COSATU welcomes the NCOP’s adoption of the Financial Matters Amendment Bill today

The Congress of South African Trade Unions welcomes the NCOP’s adoption of the Financial Matters Amendment Bill today. The federation supports and welcomes this progressive pro-worker bill.  It is a key foundation block for the expansion of state-owned banks.COSATU’s support for the FMA Bill’s is based on its amendment of the following acts:

1. Military Pensions Act:
Will be amended to fall in line with the Constitution’s anti-discrimination vision by recognising that military personnel are no longer men only but also women, that their spouses may be male or female, and that they may be married or partnered under different legal regimes. This is long overdue and critical as it has often resulted in delays when processing pension and beneficiary payments to deceased military personnel’s spouses and partners and thus their children as well.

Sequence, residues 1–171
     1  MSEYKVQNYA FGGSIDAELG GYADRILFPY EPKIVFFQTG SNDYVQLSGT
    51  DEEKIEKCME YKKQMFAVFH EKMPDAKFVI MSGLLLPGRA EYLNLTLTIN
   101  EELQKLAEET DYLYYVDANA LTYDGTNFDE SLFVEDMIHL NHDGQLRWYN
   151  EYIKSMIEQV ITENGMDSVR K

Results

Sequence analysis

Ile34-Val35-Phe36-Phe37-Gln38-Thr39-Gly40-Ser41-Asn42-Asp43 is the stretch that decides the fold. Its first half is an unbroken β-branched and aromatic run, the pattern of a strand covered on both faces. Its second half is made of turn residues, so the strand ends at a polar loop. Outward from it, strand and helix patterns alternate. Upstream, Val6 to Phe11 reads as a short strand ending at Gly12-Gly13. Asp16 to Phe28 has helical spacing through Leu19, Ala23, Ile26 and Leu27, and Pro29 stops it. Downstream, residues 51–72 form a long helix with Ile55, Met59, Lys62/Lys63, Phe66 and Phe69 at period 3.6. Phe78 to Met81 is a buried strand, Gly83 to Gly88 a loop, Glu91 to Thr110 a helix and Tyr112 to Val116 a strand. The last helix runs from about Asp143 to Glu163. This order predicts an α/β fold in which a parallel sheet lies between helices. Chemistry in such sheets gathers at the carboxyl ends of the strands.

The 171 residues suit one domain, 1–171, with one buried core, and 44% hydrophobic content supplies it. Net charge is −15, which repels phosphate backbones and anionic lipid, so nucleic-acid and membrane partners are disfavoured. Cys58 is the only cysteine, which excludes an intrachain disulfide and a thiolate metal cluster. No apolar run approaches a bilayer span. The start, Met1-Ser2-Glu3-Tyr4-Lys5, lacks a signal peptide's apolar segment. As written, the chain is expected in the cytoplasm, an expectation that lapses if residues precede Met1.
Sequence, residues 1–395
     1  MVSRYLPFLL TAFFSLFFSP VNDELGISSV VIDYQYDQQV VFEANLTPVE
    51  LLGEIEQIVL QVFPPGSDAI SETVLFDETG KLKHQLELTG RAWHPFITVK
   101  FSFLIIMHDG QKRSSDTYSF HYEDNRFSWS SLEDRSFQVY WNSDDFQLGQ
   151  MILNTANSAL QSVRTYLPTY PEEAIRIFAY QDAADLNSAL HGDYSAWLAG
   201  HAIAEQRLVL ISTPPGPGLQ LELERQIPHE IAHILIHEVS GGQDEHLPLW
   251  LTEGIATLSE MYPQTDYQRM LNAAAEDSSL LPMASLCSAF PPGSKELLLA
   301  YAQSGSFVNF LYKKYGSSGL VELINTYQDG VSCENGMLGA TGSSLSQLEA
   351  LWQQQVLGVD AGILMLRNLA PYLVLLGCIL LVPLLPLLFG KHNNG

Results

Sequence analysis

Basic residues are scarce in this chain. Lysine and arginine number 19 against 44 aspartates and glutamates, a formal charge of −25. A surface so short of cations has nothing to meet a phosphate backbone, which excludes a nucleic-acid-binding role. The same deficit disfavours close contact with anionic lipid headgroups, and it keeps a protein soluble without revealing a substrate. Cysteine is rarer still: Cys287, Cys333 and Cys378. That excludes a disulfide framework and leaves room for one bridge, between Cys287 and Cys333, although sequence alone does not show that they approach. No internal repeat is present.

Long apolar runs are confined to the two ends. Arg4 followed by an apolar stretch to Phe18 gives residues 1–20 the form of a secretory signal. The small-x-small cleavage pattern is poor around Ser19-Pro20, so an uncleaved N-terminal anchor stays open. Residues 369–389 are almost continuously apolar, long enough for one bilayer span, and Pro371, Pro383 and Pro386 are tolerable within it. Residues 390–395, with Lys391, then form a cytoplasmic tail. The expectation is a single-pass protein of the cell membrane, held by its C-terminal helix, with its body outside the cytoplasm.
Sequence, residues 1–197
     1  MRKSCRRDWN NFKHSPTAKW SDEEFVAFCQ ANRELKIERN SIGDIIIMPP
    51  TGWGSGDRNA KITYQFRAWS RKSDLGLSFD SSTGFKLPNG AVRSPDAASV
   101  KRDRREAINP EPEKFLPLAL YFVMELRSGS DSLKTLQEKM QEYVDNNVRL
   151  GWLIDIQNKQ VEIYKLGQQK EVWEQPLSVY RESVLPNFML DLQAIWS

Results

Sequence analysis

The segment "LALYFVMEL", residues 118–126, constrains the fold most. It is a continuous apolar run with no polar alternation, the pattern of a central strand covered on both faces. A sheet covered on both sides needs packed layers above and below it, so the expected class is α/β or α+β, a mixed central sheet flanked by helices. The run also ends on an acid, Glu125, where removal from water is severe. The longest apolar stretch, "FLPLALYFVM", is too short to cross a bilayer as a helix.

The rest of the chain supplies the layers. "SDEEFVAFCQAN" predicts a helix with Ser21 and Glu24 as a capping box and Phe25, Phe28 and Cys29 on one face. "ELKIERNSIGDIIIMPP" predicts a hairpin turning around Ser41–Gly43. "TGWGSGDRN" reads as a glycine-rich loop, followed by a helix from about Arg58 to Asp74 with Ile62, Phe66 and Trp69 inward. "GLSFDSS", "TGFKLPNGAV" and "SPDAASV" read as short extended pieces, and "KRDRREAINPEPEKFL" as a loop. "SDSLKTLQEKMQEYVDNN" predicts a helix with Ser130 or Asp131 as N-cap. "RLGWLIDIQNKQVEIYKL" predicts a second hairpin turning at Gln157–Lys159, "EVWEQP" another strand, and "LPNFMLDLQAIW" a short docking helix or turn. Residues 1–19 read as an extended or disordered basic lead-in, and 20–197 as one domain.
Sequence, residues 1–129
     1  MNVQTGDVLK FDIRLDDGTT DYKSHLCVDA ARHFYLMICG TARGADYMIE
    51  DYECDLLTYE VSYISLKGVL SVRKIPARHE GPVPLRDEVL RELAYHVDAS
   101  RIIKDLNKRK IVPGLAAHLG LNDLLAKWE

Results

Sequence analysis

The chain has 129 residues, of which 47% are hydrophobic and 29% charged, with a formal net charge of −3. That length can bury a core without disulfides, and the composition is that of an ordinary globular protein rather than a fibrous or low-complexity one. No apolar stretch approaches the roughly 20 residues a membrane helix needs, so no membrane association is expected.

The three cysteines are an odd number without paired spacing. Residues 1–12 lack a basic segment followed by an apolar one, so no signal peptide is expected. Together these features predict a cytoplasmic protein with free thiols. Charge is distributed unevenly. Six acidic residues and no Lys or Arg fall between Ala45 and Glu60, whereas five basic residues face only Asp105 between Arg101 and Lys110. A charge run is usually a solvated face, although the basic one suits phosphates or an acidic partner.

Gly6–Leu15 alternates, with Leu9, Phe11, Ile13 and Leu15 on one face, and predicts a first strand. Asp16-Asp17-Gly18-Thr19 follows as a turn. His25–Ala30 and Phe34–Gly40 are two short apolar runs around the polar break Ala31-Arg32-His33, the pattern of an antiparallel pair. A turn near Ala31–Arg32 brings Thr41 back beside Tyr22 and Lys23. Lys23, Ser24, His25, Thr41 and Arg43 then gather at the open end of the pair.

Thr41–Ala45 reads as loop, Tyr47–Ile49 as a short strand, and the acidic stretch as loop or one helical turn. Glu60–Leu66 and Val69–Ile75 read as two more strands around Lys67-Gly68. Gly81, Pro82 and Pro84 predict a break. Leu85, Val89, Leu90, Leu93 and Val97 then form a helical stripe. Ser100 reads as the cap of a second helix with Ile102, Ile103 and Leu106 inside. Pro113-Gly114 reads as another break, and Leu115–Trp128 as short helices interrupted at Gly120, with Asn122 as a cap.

2. Government Employees’ Pension Act:
Will be amended to speed up GEPF divorce settlement processes when members of the GEPF divorce and then need to separate their assets (e.g. GEPF) with their now ex-spouses and partners. This is important as divorces by their nature are acrimonious and the newly separated ex-partners need to quickly separate and build new lives e.g. set up new homes, purchase furniture etc.  Delays in settling the separation of pensions and assets hurt in particular mothers and children.

 3. Insolvency Act:
Will be amended to provide for surety of assets and credit for investors. This is part of South Africa’s obligations arising from its membership of the G20 and a key requirement for international banks and investors to remain and to continue to invest in South Africa. Workers, battered by a 37% unemployment rate and rising levels of retrenchments, need investments, both local and international, as part of ensuring the implementation of the Presidential Jobs’ Summit’s Job Creation Plans.